Google+ is still new territory for most DIYMarketers – in this informational piece, Francis Santos reports on Google’s change in policy as it relates to using your name or a pseudonym or company name.

As Google+ matures, it is embracing changes that certainly appear to be for the better. Aside from recently lifting the invitation-only system it started out with and opening the platform to the general public, Google has also decided to support pseudonyms in addition to the other forms of identify according to Vic Gundotra, the company’s Senior Vice President of Social Business. This is very interesting news and a move that differs greatly from its previous stance on usernames.
Singing a Different Tune

From the moment it launched in late June until well, now, Google+ has required that members use a real first and last name when signing up. You could not use a pseudonym or even the name of your company if you wanted to experience this social platform. The penalty for failing to comply? Having your account permanently deleted. This is something Google was very serious about, serious enough to actually deploy a bot that automatically detects and suspends the accounts of users believed to be in violation of the policy, in some cases without offering any explanation.

As you may have guessed, Google’s real name policy is something that did not go over quite well with pundits. Many of them, most critics known to chime in on policy-related issues, argued that the company should not be allowed to force people to use their real names online. It was even brought up how doing so in countries such as Iran could put the users life in grave danger. The anonymity aspect in regard to usernames is part of what makes Facebook, MySpace, and Twitter so attractive to users who want to retain at least some sense of privacy in their dealings. Those who oppose Google’s take on pseudonyms believe that this degree of anonymity should be retained within the social space.

Google countered the critics with explanations that defended its requirement to use real names on the service. One of the biggest arguments made by company CEO Eric Schmidt was that using the platform is optional and something that users do at their own will. Though a valid statement, this point didn’t do much to satisfy those left at unease over the privacy concerns. The company also argued that using real names on Google+ improves the quality of discussions and makes members easier to identify. Again, these are valid points that ended up being moot when it was revealed that Google did not take the necessary steps to determine if the names people provided were actually correct.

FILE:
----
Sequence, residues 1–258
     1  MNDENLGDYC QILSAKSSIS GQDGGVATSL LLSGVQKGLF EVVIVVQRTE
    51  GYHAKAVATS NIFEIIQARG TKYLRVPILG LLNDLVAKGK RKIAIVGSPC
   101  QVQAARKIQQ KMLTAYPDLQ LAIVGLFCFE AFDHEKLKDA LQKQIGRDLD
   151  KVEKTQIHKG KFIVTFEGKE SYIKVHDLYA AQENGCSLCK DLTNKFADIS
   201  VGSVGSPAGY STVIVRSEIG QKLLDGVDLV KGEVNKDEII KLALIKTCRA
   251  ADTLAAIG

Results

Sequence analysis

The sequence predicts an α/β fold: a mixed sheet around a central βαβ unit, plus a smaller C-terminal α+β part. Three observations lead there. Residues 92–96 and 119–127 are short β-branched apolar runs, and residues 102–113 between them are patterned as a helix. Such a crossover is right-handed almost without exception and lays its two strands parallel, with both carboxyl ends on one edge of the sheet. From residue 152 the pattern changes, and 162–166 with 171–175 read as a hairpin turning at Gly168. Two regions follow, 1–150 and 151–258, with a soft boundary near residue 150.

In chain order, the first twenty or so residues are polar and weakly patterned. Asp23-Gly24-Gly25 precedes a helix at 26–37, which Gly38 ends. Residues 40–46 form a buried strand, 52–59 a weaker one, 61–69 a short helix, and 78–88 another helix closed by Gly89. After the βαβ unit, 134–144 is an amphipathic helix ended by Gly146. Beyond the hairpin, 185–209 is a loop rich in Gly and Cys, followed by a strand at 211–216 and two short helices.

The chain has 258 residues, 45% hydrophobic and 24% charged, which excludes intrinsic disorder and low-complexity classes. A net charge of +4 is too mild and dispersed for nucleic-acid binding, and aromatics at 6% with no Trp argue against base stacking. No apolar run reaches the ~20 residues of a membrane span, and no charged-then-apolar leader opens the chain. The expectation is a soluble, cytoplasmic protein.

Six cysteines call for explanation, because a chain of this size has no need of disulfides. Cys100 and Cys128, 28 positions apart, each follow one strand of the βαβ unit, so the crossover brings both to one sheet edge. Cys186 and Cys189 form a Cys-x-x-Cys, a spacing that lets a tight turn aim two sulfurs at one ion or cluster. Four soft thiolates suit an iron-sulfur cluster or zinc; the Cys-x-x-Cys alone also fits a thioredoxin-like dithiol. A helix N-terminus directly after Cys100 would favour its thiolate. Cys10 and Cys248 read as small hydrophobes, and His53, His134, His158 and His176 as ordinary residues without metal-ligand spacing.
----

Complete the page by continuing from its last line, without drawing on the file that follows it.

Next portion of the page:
Potential Marketing Impact

For whatever reason, Google has changed its tune and decided to support pseudonyms. Although Gundotra did not go into detail about the types of names that could be used, one would assume?that it will be a policy similar to the one used by Facebook and other social networks, meaning marketers would soon have far more flexibility in terms of how they are represented on Google+. For example, if you are representing a company, you could use the name of its top brand or the organization itself. If you are a writer or artist, you could use the pseudonym associated with your work.

At this time, there is no word on when Google+ will officially allow pseudonyms. With whispers of its imminent death going around, it might be sooner than later.

Francis Santos is based in the Los Angeles area and a writer forBenchmark Email. In addition, he is also the executive editor for a separate popular news blog,Geek Peeks.